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110799

How does Glassdoor make money?

Glassdoor charges recruiters to post jobs, and advertise their companies on the site

Innovation series by Steven Loeb
June 20, 2015 | Comments
Short URL: http://vator.tv/n/3e51

The last time I had to look for a job was all the way back in 2012, when I first moved to California. I was living in a motel, without a job, and I spent months refreshing Craigslist every hour seeing if I could find something to do where I could make some money. I figured there had to be a better way than that, even back then.
Turns out, there was. Since I've been doing this job I have talked to numerous companies in the recruiting space, all trying to make it easier for people to find the perfect job.
One of the most well known of these companies is jobs and recruitment sites Glassdoor.
What sets the San Francisco-based company apart from other job recruitment websites out there is its employee generated content, which includes information about what it is really like to work at a company. This includes anonymous salaries, company reviews and interview questions, which are posted by employees, job seekers, and the companies themselves. The site aims to give the complete picture of what it means to work somewhere, not just from the perspective of the person offering the job. Plus Glassdoor is now the fastest growing job site when compared to LinkedIn, Indeed, Monster and CareerBuilder, and has also beat out CareerBuilder for several consecutive months in terms of job seeker traffic.
While Glassdoor is completely free for the job seekers, the company makes its money from the recruiter side of the business.
Recruiters can advertise their jobs and promote their brand through either subscription offering or on a cost per click basis.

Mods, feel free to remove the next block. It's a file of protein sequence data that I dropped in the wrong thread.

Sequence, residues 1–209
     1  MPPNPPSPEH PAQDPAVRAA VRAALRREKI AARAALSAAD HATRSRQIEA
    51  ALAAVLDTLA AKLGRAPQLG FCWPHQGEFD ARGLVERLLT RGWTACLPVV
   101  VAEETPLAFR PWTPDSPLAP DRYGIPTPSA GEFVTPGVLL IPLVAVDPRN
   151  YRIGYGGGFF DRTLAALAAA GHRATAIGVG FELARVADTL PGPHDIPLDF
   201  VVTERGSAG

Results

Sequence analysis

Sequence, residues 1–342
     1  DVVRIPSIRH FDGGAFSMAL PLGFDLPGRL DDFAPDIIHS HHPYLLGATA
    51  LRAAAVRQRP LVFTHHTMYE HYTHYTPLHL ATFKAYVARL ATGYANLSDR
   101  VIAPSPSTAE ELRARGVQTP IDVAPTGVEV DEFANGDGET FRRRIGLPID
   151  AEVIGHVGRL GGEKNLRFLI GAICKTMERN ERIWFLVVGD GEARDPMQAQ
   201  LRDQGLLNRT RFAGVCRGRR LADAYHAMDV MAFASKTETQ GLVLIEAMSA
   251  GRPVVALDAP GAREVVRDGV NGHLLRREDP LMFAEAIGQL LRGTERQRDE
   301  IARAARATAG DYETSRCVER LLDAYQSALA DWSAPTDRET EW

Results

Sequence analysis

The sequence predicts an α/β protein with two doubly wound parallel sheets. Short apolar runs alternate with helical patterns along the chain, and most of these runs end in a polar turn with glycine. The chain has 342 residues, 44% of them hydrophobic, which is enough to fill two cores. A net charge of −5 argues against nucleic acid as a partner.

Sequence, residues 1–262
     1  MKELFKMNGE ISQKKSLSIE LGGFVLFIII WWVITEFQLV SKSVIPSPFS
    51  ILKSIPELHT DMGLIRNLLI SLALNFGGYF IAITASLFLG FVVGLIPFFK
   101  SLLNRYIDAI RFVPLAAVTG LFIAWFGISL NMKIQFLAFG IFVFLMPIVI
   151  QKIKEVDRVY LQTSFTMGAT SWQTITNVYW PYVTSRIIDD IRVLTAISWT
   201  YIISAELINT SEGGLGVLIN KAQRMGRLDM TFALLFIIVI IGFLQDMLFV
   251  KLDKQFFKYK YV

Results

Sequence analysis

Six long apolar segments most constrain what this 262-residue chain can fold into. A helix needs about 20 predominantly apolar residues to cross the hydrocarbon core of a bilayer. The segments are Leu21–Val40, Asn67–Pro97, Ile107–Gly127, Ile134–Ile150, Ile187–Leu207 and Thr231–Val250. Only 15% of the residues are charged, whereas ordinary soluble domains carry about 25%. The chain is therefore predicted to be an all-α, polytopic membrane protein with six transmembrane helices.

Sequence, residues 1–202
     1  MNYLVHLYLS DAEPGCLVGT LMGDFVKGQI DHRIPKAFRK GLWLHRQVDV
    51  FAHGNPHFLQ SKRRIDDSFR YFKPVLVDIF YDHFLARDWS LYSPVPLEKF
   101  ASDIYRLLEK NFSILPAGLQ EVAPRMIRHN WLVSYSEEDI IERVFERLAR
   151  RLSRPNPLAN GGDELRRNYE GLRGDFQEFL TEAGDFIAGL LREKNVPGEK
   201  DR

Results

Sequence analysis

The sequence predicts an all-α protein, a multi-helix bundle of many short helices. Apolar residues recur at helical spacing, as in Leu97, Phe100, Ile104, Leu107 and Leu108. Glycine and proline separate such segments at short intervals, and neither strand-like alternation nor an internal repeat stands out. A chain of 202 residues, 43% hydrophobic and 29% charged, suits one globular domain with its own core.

For a subscription fee, which starts at $8,000 for 12 months, employers can build out enhanced profiles, which allows employers to promote open jobs, add insights into what makes the company unique and describe the company culture, add office photos and company videos, incorporate the company blog, and post the latest company updates directly on Glassdoor and incorporate a direct feed from company Facebook and Twitter accounts as well as direct from a company blog.
Budgets for employers can fluctuate based on their individual needs. For example, Glassdoor has a few multinational corporations that have signed up, and so it has rolled out the ability to have localized enhanced profiles to various countries where the company is looking to hire. So if a company would like to make sure to recruit people in the U.S., Germany, France and the Netherlands, for example, it would cost them $7,000 extra per month for each language of the profile.
Glassdoor does off free employer accounts as well, which allows any employers to sign up, and be able to respond to reviews, or flag them if they believe them to be inaccurate. It also gives them access an Employer Center, which gives an official company representative tools to update basic profile information, and access to insights and analytics that help employers understand their brand's reputation and its affect on their recruiting efforts.
The company is seeing roughly 3,000 employers signing up for this every month. 
Glassdoor also makes money from a series of job advertising products, which can run on either a subscription or cost per click basis. For example, on CPC, an employer can say that they have $1,000 and that they would like to recruit for a certain positions until their budget runs out.
It also offers jobs slot, a more traditional mechanism, where recruiters can post several job listings, which will be priced based on their individual needs. Pricing starts at $700 for 12 months. And the company offers a job posting product, which is targeted at recruiters at small businesses or hiring managers at larger companies, where they post up to 5 open jobs, and which starts at $99 for 30 days.
And, finally, Glassdoor makes money from traditional display advertising.
Launched in 2008, Glassdoor now has more than 30 million members worldwide, who have submitted millions of user-generated reviews, ratings, salary reports and more on 400,000 companies..
Glassdoor also partners with more than 2,100 employer clients, including General Mills, Cigna, Dell, Enterprise Rent-A-Car, Facebook, HP, Intuit, Procter & Gamble and Twitter.